Why is Florida cutting red tape so quickly and effectively? One of the biggest reasons is a 2010 law, passed over then-Gov. Charlie Crist's veto, that says the state legislature must approve all rules that cost $1 million or more over five years. If lawmakers don't affirmatively approve such a regulation, it doesn't go into effect. This policy ensures that the people's representatives have a say on new mandates.

Unsurprisingly, lawmakers have stopped new mandates that would jack up costs on Florida families. That includes stopping a proposed rule this year from the agriculture commissioner to ban styrofoam in grocery stores, saving families from higher costs.

Florida's policy is the definition of common sense—but the federal government takes the opposite, and nonsensical, approach. President Biden can force Americans to pay hundreds of billions of dollars in higher regulatory costs because there's no real check on his administration's ability to propose new rules. Congress gets no say in the matter, even though the Constitution invests the House and the Senate with sole lawmaking power. Lawmakers are bystanders when they should be referees.

At the start of the current Congress, one of us (Rep. Cammack) introduced a federal version of Florida's law. It's called the REINS Act and it requires the House and Senate to vote on all federal regulations that impose at least $100 million in costs annually. This policy would have given Congress the chance to stop a significant portion of President Biden's regulatory spree; it would have put Democrats in the tough spot of voting for mandates that make prices higher and life more painful for working families.

But the current REINS Act wouldn't necessarily have stopped all the president's use and abuse of the federal bureaucracy. Like Obama before him, President Biden has also relied on executive orders and agency "guidance," including the recent 25% boost to food stamp payments. This approach has the de facto effect of regulation absent formality, meaning Congress couldn't always vote to stop it.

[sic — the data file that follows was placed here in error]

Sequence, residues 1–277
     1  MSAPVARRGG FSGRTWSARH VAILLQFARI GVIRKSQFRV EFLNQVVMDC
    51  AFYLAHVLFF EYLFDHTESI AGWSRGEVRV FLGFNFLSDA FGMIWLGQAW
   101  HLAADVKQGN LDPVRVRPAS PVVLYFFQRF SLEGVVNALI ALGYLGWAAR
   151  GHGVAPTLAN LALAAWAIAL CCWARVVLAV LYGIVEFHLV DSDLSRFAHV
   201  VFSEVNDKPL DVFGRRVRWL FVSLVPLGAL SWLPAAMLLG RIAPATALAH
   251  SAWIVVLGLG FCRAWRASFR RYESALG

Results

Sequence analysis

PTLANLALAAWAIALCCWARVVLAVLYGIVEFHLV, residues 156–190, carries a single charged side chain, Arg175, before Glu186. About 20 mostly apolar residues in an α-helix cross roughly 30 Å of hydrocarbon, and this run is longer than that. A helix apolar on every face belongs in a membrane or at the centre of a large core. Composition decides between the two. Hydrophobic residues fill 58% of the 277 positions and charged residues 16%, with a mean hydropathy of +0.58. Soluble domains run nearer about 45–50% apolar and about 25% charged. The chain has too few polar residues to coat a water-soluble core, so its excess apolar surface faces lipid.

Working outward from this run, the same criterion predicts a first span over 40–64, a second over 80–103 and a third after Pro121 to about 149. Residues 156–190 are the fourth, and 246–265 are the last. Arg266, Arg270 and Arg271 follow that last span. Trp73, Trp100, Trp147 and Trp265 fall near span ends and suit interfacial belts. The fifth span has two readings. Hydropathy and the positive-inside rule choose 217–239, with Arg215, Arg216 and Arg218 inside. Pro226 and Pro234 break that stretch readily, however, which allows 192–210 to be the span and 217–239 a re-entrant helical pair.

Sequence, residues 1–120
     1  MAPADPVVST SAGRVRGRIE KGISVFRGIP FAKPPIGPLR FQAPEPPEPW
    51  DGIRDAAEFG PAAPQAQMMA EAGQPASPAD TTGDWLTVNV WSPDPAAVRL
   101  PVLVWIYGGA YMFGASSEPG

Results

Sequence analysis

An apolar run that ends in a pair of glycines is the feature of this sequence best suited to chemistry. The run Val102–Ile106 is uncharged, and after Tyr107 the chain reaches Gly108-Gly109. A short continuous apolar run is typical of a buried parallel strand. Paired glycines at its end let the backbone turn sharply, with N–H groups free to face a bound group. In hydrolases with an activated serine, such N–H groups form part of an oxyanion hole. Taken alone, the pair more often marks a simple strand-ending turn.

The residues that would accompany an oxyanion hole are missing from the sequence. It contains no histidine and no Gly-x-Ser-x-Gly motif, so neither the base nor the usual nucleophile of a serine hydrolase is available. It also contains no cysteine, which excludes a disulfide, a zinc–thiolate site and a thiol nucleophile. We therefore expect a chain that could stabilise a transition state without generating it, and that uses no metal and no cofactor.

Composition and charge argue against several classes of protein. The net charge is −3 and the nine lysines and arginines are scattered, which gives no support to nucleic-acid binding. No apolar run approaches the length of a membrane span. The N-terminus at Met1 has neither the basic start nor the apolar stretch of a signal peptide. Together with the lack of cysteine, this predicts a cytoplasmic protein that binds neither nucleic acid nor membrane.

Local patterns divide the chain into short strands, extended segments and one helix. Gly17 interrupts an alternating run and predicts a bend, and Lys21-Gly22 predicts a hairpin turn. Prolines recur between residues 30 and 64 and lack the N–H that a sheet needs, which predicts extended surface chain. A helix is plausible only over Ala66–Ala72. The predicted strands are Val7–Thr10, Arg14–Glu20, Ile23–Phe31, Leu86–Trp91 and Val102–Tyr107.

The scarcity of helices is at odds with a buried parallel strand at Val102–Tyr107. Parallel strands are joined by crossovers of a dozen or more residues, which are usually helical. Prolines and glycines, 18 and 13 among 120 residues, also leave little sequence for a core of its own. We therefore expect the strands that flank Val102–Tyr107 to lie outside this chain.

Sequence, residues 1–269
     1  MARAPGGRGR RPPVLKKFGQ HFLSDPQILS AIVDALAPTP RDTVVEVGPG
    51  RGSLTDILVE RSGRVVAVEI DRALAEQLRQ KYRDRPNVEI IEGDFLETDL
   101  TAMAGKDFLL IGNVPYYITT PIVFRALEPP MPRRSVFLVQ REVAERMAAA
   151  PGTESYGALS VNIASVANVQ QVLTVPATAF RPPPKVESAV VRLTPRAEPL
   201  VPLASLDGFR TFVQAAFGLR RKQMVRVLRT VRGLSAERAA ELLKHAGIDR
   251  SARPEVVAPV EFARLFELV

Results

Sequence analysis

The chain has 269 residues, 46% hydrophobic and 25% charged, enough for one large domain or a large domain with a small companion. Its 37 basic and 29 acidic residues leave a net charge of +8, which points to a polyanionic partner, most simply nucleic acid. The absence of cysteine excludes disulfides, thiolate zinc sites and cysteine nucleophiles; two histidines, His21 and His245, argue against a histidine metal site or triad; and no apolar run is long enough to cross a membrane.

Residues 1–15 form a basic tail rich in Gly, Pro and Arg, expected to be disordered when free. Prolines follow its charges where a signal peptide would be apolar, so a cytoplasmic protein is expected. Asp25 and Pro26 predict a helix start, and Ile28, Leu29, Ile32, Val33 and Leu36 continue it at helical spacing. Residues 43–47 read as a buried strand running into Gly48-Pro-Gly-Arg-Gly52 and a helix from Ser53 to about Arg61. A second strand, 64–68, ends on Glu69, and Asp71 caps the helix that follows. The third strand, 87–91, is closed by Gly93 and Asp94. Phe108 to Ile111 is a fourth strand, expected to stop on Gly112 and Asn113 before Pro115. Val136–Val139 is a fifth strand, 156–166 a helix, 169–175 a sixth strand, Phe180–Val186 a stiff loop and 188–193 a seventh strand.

We're therefore partnering to introduce an expanded version of the REINS Act to close this loophole. If this policy is enacted, Congress will be required to vote on essentially every major action coming out of the executive branch. By stopping new mandates like President Biden's, lawmakers could save Americans untold billions of dollars, and even help tame runaway inflation in the process. Most important, it will put citizens back in the position of holding accountable their duly elected representatives—not unelected bureaucrats.

Florida proves this policy works. The state's economy is booming, with new residents moving here every 50 seconds and 1,800 new start-ups setting up shop every day. The state's light touch on red tape, driven by the governor's and lawmakers' willingness to stop costly new rules, is undoubtedly contributing to the Sunshine State's ever-brightening outlook. Republicans in Congress should fight to bring that approach of accountability and affordability to Washington, D.C.

Kat Cammack represents Florida's Third Congressional District and serves on the House Agriculture Committee. Tarren Bragdon is president and CEO of the Foundation for Government Accountability and resides in Naples, Florida.

Originally published on Newsweek.